There’s nothing quite like the first signs of spring when crocus and daffodils start poking out of the ground after a long winter. If this is a sight you’d like to see in your garden, now is the time to plant bulbs.
Most flowers that people associate with spring start as bulbs and need to be planted in the fall before winter begins. The cold period over the winter is important to the growth of the flower. This process is called vernalization.
Vernalization: During a cold period, plants acquire the ability to bloom, but they may require additional seasonal cues or weeks of growth before they will actually flower.
We recently received a huge shipment of bulbs. There are so many varieties and colors to choose from, you can grow a rainbow in your garden! Erica, one of our plant knowledge pros, broke it down and shared some fun facts plus things to be on the lookout for as you select and plant your bulbs this fall.
6 Bulb Planting Tips
1. Spring bulbs have different blooming times, which you can find on the packaging labels. They typically flower in early-spring, mid-spring, or late spring. When you select your bulbs, try to stagger the bloom times so you have color for the whole season. (Hint: Most mixed bulb bags take this into consideration and will include a variety of bloom times)
2. Always check the label for the suggested planting depth. You’ll also be able to find information about how far to space apart each bulb. If the bulb is planted too deep or too shallow, it’s possible it won’t flower at all.
3. For a strong bloom, mix in a Bulb Specific fertilizer at the bottom of your hole. That way when the roots develop, there will be nutrients immediately available.
Do you know why you sometimes see Daffodils called Narcissus? Narcissus is the genus name for Daffodils. In Greek mythology, the character Narcissus falls in love with his own reflection in a pool of water and spends a lifetime bent over staring at himself.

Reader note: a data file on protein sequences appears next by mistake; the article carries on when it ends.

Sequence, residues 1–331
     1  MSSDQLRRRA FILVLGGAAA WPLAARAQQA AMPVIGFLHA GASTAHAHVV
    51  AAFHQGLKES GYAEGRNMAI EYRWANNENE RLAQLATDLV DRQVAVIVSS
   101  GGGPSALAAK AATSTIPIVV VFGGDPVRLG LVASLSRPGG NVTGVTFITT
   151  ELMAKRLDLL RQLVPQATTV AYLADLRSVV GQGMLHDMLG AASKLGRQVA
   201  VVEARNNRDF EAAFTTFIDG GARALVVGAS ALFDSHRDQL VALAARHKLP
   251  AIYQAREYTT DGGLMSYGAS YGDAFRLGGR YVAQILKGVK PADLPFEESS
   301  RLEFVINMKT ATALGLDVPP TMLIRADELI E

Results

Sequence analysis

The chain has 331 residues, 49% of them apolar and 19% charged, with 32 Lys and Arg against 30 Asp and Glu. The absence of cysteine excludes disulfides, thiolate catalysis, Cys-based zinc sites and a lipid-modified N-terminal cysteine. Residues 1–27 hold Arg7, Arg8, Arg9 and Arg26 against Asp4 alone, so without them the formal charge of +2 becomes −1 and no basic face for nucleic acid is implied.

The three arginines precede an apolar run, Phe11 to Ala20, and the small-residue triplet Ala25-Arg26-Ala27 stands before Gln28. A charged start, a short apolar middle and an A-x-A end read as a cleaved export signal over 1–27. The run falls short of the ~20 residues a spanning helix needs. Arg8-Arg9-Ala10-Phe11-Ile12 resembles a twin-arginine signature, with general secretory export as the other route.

Much like the position of Narcissus, the trumpet of the Daffodil pulls the flower forward as if it is looking down. That’s how it got its genus name!
4. Erica recommends digging a trench to the correct planting depth for the entire space you choose to plant your bulbs. Space your bulbs apart and cover the trench back up with dirt. If you’d rather dig one hole at a time, there are a few tools to choose from:
5. Bulbs look more natural planted in groupings of odd numbers, rather than in straight lines. Because large areas of color are more attractive to the eye, plant your bulbs in clusters.
6. If you’re a nervous, first-time bulb planter, rest assured. It’s practically foolproof. Just make sure to follow the directions on the package’s label for planting depth and the orientation of the bulb. Basically, make sure the root side is down and the pointy side is up!
Want a fun and festive garden for the Fourth of July?
Plant Allium bulbs now!
When they bloom in the spring, you will be able to enjoy their beautiful purple bloom. The plant will stiffen as they start to brown and you can spray paint them red, white, and blue (or any color you want!) for a patriotic display come summer. They are also great cut flowers for an indoor arrangement in your favorite vase.